The new judge

What can I say. I’m depressed. The best one could say, as a conservative, is that she’s a Bush crony. Well, she’s not very qualified, but she’s a good buddy of W, and he said to “trust us”, so here we go. She doesn’t seem to have a strong governing philosophy, which was the same problem O’Conner had. At least O’Conner was qualified. Any thoughts out there?

Posted at 06:28 pm by Johnny B

Posted by RaisingOrleans @ 10/03/2005 06:34 PM PDT
Not qualified at ALL…the only saving grace is the knowledge that Renquist was never aa judge prior to the supreme court either…still, that gives me little solace.

Posted by Reagan_Gahagan @ 10/03/2005 08:07 PM PDT
I completely agree. I was hoping that 43 would nominate a proven conservative in Edith Jones from the 5th Circuit. I was also hoping for a filibuster so that we could put the liberal threats to an end via the nuclear/constitutional option. I believe that 43 showed weakness because he didn’t want a drawn out fight while his numbers were low. I hope that this lady doesn’t turn out to be a Blackmun, Souter, or O’Conner (who I believe was the most destructive to the legal system because you never knew how she would rule).

Gingrich ’08,
Kerry ’08!

Posted by John Broussard @ 10/03/2005 09:40 PM PDT
The best case is if she signs off on all of Scalia and/or Thomas’ opinions. Even if she does that, she does nothing to advance the ball for constitutionalism, she just seems like a lightweight. My pick would have been Ted Olsen for Chief Justice with Roberts as the second pick. Compared to this woman, Roberts seems like a godsend. This is worse than W’s horrible first debate against Kerry, the nadir of his presidency. My prediction is W fails to avoid a fight, which seems to be the purpose of this candidate in the first place. My favorite pick would be Bobby Jindal, but he might be too young yet. What is the minimum age for justice?

Posted by Reagan_Gahagan @ 10/04/2005 11:56 AM PDT
There is no minimum or maximum age to be a supreme court justice. You don’t even have to be a lawyer to be a US Supreme Court Justice.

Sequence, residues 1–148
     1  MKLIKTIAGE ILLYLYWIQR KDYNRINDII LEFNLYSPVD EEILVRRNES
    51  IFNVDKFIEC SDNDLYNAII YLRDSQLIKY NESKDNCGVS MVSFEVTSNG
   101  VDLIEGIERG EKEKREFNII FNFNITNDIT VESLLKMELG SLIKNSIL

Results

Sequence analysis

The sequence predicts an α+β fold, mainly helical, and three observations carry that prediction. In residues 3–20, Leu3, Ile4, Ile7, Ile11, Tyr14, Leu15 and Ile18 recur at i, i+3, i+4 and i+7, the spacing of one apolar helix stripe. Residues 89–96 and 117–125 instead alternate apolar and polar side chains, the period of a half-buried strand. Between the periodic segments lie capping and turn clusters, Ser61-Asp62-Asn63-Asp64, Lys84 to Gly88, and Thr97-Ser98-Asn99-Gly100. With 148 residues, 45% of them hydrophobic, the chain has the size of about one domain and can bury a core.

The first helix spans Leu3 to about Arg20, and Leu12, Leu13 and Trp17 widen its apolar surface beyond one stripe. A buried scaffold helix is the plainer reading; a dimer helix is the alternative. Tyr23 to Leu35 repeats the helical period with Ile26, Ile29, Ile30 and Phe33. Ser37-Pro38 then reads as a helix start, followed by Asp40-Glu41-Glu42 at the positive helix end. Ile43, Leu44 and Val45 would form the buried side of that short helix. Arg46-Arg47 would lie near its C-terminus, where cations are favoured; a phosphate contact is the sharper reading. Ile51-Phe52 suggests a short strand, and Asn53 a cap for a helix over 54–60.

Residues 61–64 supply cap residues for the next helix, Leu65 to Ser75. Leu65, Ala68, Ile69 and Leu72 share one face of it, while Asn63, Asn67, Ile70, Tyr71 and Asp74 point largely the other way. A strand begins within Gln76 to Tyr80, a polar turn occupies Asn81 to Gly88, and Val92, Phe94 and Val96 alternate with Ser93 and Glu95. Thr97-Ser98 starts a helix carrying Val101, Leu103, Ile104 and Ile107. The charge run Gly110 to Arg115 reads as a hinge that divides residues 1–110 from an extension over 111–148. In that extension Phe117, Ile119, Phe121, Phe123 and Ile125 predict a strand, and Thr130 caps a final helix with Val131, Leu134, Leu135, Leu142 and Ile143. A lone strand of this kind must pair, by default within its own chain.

Posted by Hemonster @ 10/05/2005 05:19 PM PDT
I don’t know about the prevailing thoughts on this page, but I think it’s hilarious that this pick was made.

Everyone is standing there wondering, “what do we do about this?” “someone tell us how to think?” It just makes me laugh to think of all the databases and warrooms and media outlets poised to engage in yet another round of “culture wars” – to no immediate purpose.

If we can now have some quality questions of the nominee to ascertain her level of intellectual heft and personal perspective and prism of constitutional interpretation, that would be great. I never thought I would see a confirmation hearing where genuine questions will be asked (and hopefully answered) on CSPAN again.

I for one, will be tuning in . . .


Posted by Reagan_Gahagan @ 10/06/2005 11:08 AM PDT
As a conservative (no, I don’t speak for all conservatives), I will be contacting both of my Senators (1 Dem. and 1 Rep.) and asking them to vote no on her confirmation. I believe that the conservative base has far too many brilliant intellectual judges out there to confirm this lady. It’s not enough that she will always vote with Scalia and Thomas. If, God forbid, she ever gets to write a majority opinion, she could do some SEVERE damage to the rule of law, after the fact, by writing a sloppy opinion. Some truly brilliant lawyers will likely take her words and rip apart what conservatives have been working toward for decades.